A tablesaw is a lot safer and
easier to use when it’s
equipped with an outfeed
table. Whether you’re ripping long
boards or crosscutting big sheets of
plywood, you really need more support
than just the top of your saw.
Lots of folks have a huge outfeed
table that sits permanently behind
the saw, but that’s impractical in my
compact shop. I’ve gone small and
I built two tables, which offer a lot
of flexibility. I can butt them right
up to the back of my contractor’s
saw because the folding wings span
the saw’s motor. When I rip a long
board, I can put one table in front
of the saw and one behind. When I
crosscut a big piece of plywood, I can
roll one of the tables to the left side
of the saw. When I need more open
space around the saw, I fold down
the wings and push the tables out of
As a bonus, these tables are great
shop carts. They’re perfect for wheeling
project parts from
machine to machine. I also
use them for glue-ups and
Our dimensions are
designed for a saw of standard
height: about 34
in. The table adjusts from
33-1/2 to 35-1/4 in. high.
This allows you to fine-tune
the exact height of the table
to match your saw after the
table is built. In addition, you
can easily tilt the table’s top
to compensate for an uneven
floor. If you need a table with
a different range (to include
the height of a mobile base, for example),
adjust the cabinet and door dimensions.
Build the case
1. Cut the sides (A), subtop, bottom
and shelf (B) and back (C) to size. Cut
rabbets for the subtop, bottom and
back. Cut dadoes for the shelf. Assemble
the case and check it for square.
2. Cut the face frame parts (D, E, F)
to size. When assembled, the face frame
should be 1/16 in. longer and wider
than the case. Use screw pockets to join
the face frame rails to the stiles. Position
the center rail so its top edge is even
with the shelf.
3. Glue and clamp the face frame to
the cabinet. Trim it flush after the glue
is dry (Photo 1).
Make drawers and doors
4. Make a big pile of edge banding. The
entire project takes almost 90 lineal feet.
5. Make the drawer box sides (G),
front and back (H) and bottom (J).
Cutting the drawer front and back pieces
to just the right length ensures that the drawer slides will travel without binding. To calculate this
length, start by measuring the face frame opening. Next, subtract
1 to 1-1/16 in., which is the space needed for two metal
slides. Finally, subtract another 1-1/2 in. or, more exactly, the
combined thickness of two drawer sides. Assemble the drawers.
6. Make the drawer slide fillers (K). Plane them to be
flush with the inside edge of the face frame. Screw and glue
the fillers to the case.
7. Cut and edge-band the drawer fronts (L, Photo 2).
Drill screw holes for the pulls.
8. Cut and edge-band the doors (N). Check the width
of the doors, allowing for the 1/2-in. overlay hinges, edge
banding and a 3/32-in. gap between the doors. Drill for
and fasten the pulls.
Make the top
9. Cut the large and small rim rails (Q and S). Edgeband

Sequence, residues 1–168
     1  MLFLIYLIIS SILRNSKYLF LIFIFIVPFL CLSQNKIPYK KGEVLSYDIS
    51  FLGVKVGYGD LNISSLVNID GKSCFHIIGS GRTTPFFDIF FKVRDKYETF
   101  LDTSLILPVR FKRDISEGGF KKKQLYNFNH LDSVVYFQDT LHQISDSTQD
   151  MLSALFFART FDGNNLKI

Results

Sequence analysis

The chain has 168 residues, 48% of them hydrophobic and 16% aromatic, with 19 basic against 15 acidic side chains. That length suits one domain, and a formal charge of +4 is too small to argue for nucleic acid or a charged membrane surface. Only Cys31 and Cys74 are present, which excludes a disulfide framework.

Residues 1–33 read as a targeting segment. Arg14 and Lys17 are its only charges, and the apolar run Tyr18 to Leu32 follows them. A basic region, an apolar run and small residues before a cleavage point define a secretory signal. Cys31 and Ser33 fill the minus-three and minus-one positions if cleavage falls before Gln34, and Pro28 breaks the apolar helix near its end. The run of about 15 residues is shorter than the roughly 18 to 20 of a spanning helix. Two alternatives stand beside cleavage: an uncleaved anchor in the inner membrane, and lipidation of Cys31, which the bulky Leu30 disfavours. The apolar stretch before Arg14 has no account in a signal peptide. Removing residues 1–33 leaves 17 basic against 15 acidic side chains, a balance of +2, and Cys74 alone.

two ends and one side of the large rails. Drill screw
pockets into the inside face of the small rails. Glue and
screw the small rails to the large rails, flush with the
unbanded top edge.
10. Cut and edge-band the melamine top (T) and wings (U).
Sand and finish
11. Ease all the corners with a 1/8-in. round-over bit.
Finish-sand the wooden parts.
12. Apply a finish to all the wooden surfaces.
Assemble the doors and drawers
13. Screw the casters to the cabinet bottom. Position and
screw the case slide component inside the case and the
drawer-box slide component on the drawer box (Photo 3).
14. Slip the drawer boxes into the cabinet and lay the
case on its back. Put the hinges on the doors and hang
the doors on the face frame.
15. Position the drawer fronts over the drawer boxes,
and fasten the fronts to the drawer boxes (Photo 4).
Stand the cabinet up.
Assemble the top and wings
16. Drill and countersink holes for the leveling screws
through the main table. Use a drill press to ensure a
17. Center the rim assembly under the melamine table
top. Fix the rim assembly to the top by driving screws
through the screw pockets.
18. Screw the folding brackets to the bottom of the
wings and then to the large rim rails. It’s easiest to
do this with the table’s top assembly upside down on
your tablesaw. The tablesaw’s flat surface helps align
19. Place the top assembly on the cabinet. Insert the
four leveling screws and tap each one with a hammer to
dimple the subtop. This locates the holes for the T-nuts.
Remove the top assembly. Drill and mount the T-nuts in
20. Push the leveling screws through the top and put
fender washers and Nyloc nuts on from the underside.
(Nyloc nuts are the kind with nylon rings inside them.)
The nuts should be snug but not so tight that you can’t
turn the leveling screw by hand.
21. Set the top assembly on the cabinet. Turn each
machine screw until it engages the T-nut. Adjust each
screw a little at a time so the top doesn’t bind.
22. Position the outfeed tables behind your saw and
span a straightedge from the saw to the table top. Level the
top to the saw by turning the leveling screws up or down;
then lock the screws using the fender
washers and wing nuts. The wing
nuts allow you to lift the cart by its
top without yanking out the T-nuts.
I went whole hog
when I built these
tables, but you could save
money in a number of ways:
– Use less-expensive brackets. I
looked high and low for brackets
that are rock solid and always open
a perfect 90 degrees to make a deadflat,
rigid work surface. The brackets I
found were a bit spendy, but less expensive
ones will also work.
– Use melamine instead of plywood for the base. Skip
all the banding and simply round over every edge.
– Drop the doors and drawers. You won’t need hinges
and drawer slides.